Who would have thought that a classic job that was killed by the Internet could make such a great video game?
Before everyone was logging on to their desktops or swiping on their screens for the latest news, paperboys filled the essential task of delivering daily news to most of the people in the developed world. Whether by bike or via car, newspaper delivery was a profession all of its own and, eventually, the subject of a 1985 arcade game from Atari Games.

A smash success upon release, the title would eventually see ports to today’s smartphones but is most fondly remembered for its arcade and NES versions. Atari, long the master of early arcade games, released Paperboy to widespread acclaim for its graphics, sound, and gameplay. Using the Atari System II arcade board, Paperboy was detailed and fast moving, a marked change from the more primitive offerings Atari put out in the past. Also one of the first games to feature a three-level difficult system, Paperboy is a very easy game to understand in concept but tough to master.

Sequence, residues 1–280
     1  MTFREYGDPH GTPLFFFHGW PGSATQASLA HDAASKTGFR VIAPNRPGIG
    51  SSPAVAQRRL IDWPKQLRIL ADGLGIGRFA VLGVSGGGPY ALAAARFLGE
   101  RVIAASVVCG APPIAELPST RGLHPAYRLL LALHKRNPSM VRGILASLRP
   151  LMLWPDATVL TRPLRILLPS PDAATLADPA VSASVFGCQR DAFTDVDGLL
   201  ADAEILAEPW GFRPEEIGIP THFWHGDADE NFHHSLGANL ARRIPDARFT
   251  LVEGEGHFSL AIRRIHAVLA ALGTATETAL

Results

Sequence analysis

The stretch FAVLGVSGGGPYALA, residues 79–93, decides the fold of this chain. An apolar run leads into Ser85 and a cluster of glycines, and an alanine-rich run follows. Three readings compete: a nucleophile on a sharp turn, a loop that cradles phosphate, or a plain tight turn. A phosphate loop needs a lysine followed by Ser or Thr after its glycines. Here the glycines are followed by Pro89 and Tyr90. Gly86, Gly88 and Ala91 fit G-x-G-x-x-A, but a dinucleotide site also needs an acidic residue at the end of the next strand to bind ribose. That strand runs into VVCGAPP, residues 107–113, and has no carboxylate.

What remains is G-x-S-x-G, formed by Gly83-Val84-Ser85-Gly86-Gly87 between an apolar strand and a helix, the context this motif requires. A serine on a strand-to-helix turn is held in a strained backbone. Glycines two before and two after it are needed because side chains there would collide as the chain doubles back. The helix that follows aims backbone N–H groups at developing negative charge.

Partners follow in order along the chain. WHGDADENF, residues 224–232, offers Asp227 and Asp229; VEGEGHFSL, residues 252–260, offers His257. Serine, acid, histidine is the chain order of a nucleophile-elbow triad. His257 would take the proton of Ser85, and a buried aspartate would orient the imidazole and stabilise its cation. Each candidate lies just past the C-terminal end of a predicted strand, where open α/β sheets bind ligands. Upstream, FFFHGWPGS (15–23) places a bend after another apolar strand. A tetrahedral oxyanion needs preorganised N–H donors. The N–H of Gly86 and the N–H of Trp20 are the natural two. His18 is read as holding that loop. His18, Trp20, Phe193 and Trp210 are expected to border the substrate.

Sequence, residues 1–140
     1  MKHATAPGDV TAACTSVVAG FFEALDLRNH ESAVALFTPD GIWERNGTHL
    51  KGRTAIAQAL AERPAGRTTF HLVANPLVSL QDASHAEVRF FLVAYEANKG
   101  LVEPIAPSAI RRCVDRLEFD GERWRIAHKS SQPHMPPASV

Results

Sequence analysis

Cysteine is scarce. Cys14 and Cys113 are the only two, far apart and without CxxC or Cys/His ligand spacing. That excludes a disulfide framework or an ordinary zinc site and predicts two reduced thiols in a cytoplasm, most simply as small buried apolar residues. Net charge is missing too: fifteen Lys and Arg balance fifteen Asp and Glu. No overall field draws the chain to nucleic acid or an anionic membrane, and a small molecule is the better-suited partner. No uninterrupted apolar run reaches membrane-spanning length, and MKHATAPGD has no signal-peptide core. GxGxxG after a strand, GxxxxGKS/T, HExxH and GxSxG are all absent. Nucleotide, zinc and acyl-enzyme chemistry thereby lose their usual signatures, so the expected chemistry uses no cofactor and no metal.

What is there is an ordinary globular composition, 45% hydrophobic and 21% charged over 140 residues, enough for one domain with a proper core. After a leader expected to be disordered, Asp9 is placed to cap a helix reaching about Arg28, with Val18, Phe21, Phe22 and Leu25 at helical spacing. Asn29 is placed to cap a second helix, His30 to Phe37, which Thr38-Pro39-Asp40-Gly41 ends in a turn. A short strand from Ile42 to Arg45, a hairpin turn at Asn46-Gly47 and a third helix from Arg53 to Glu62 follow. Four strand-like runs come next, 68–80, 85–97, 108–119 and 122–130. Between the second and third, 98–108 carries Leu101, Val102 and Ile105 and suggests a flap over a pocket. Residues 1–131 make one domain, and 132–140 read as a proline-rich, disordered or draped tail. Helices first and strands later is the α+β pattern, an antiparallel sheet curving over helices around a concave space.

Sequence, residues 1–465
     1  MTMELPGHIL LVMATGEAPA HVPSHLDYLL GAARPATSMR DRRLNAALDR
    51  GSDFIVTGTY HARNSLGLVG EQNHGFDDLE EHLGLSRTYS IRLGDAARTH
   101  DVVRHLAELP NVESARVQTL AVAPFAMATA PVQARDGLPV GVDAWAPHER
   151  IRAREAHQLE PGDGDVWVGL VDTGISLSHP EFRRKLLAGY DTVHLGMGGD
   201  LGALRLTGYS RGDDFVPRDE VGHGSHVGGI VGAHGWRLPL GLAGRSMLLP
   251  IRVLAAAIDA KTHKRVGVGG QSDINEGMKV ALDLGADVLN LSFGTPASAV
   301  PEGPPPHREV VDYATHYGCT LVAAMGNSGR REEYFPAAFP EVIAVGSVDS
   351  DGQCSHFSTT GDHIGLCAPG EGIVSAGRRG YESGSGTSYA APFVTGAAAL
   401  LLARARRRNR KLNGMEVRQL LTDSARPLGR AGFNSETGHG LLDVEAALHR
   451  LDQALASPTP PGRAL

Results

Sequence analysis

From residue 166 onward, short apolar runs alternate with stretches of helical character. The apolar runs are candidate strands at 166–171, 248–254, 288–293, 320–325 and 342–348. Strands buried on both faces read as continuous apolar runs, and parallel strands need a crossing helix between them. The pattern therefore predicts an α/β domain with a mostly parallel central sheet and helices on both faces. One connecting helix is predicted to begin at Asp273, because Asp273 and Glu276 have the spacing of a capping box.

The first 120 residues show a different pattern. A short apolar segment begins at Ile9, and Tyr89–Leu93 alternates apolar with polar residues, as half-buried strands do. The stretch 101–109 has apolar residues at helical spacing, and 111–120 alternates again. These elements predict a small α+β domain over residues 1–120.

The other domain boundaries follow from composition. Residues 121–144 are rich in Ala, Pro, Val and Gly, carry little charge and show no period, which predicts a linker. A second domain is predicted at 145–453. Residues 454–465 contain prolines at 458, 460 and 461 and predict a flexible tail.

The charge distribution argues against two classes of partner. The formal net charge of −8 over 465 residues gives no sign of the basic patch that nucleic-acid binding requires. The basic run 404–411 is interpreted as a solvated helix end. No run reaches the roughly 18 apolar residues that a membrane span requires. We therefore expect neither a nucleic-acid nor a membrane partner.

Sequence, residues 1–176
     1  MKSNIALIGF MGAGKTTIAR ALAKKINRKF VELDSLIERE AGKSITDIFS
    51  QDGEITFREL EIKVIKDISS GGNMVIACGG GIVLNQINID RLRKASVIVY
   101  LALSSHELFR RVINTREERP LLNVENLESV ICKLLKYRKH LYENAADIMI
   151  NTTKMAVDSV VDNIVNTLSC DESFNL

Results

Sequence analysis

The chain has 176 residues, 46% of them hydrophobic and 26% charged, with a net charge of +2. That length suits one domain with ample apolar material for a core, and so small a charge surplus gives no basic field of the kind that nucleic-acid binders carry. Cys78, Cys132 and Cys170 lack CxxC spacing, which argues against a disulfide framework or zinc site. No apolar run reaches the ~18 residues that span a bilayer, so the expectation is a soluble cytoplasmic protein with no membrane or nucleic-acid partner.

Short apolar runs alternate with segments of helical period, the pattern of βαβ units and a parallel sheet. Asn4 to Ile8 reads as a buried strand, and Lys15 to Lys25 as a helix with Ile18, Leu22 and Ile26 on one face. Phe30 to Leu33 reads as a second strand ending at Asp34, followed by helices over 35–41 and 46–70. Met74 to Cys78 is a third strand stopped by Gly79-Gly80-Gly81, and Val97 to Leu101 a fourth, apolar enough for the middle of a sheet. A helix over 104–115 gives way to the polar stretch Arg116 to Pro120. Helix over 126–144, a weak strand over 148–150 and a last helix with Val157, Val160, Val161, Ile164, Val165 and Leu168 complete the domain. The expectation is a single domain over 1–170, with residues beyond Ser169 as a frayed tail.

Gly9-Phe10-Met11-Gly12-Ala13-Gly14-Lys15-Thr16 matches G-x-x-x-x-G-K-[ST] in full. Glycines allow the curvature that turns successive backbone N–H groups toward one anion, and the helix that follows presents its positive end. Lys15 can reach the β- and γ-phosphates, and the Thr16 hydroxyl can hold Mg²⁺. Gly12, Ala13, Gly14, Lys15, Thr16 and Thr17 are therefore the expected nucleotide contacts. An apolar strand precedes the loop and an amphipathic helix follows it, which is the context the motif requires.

Consisting of jaunts down suburban roads, as the titular paperboy you have to deliver a week’s worth of papers without running into objects or failing to deliver the paper. In its mechanics it mirrors titles like Pac Man and Space Invaders in that it combines obstacle avoidance and projectile targeting in one game.
Paperboy Arcade Cabinet
Since the paperboy only needs to deliver the news to homes that have subscribed to the paper, part of the game’s difficulty comes from avoiding things coming your way while also correctly identifying subscriber’s houses and delivering the paper. In early arcade versions this was a bit easier than on some ports of the game as subscriber houses would typically be alight or featured brighter colours than the somewhat

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